HIV is a personal matter but these celebrities chose to use their fame to discuss their HIV status and to advocate for compassion and awareness around HIV, hoping to help others to do the same.
Charlie Sheen announced on Nov. 17, 2015, that he is HIV-positive. The actor revealed he was diagnosed about four years earlier. “It’s a hard three letters to absorb. It’s a turning point in one’s life,” Sheen said.
Former NBA Player Earvin “Magic” Johnson announced in 1991 that he was diagnosed with HIV. He created the Magic Johnson Foundation to help combat HIV and raise awareness about the virus. Johnson worked with the White House and the United Nations in the fight against HIV/AIDS, and continues to advocate for HIV/AIDS prevention and safe sex.
Former footballer, Thabang Sefatsa made headlines when he confessed to being HIV positive, and he revealed the reason why more players don’t speak out.
Rapper Eazy-E of N.W.A died of AIDS-related complications in 1995. Eazy-E died only a month after learning he had AIDS; he and his wife Tomica Woods married just 12 days before his death. His son Lil Eazy-E is also a rapper and advocates for HIV awareness.
Actress Amanda Blake, seen here with “Gunsmoke” co-stars Dennis Weaver, James Arness and Milburn Stone, was 60 when she died died on Aug. 16, 1989. Although she had throat cancer at the time at her death, it is widely believed that she had contracted the HIV virus from her ex-husband and had died of AIDS related complications.
Musa ‘Queen’ Njoko
Gospel artist Musa ‘Queen’ Njoko publicly disclosed her HIV-positive status in 1995. She was 22 when she was diagnosed, at a time when treatment was not available in South Africa. She faced a lot of stigma and hostility but also found support.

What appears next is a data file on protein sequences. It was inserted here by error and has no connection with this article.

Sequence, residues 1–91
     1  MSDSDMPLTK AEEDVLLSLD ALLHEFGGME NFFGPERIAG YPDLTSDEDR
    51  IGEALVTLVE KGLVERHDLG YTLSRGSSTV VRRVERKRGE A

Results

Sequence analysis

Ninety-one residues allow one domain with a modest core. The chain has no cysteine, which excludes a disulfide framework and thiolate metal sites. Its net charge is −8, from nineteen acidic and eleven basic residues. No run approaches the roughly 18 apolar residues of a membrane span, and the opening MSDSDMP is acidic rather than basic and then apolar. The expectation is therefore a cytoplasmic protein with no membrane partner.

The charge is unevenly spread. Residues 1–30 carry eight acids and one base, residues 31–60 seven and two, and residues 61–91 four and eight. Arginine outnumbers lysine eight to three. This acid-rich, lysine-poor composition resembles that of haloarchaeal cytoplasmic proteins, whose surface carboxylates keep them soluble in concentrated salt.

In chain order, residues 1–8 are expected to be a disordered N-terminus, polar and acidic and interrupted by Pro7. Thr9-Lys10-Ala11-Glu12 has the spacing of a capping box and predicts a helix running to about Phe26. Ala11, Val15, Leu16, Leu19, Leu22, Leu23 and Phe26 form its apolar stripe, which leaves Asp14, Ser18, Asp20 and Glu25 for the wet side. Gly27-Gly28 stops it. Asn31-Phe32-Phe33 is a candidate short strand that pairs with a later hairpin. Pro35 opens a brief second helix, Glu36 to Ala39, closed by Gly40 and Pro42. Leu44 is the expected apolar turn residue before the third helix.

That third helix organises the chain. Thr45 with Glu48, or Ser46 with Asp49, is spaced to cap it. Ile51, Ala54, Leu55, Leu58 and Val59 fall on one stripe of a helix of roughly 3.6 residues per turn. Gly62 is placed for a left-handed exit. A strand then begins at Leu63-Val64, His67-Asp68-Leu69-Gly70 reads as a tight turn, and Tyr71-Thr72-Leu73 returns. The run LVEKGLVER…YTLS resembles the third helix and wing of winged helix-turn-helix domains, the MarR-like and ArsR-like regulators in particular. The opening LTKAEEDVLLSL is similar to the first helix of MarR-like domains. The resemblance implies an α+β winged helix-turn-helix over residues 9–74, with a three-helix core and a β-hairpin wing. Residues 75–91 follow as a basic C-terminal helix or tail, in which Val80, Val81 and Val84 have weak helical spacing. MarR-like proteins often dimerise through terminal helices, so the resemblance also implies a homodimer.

Lesego Motsepe who for 10 years played Lettie Matabane in Isidingo, disclosed her status on World AIDS Day in 2011. She said “Our society had made this virus a monster and all it is, is a virus. I’m doing it for the voiceless people out there who just found out today, and know that I’ve got their back.” Sadly Motsepe stopped using life-saving ARVs in 2012. She died in 2014.
Radio DJ Criselda Kananda, was diagnosed HIV positive more than 13 years ago, when she was seven months pregnant. Today she is a mother of 3, motivational speaker, professional counsellor, former nurse, medical underwriter and serves on the board of the South African National AIDS Council.
In a 2011 interview with DRUM magazine, Bala spoke openly about living with HIV. He said he had received the diagnosis in 2010 and had made a commitment to help others in the same situation.
“I am HIV-positive, and as a celebrity and someone who is openly gay, it is important to come out. I want to use my bubbly personality to help those struggling to come to terms with their status and instil a sense of hope.”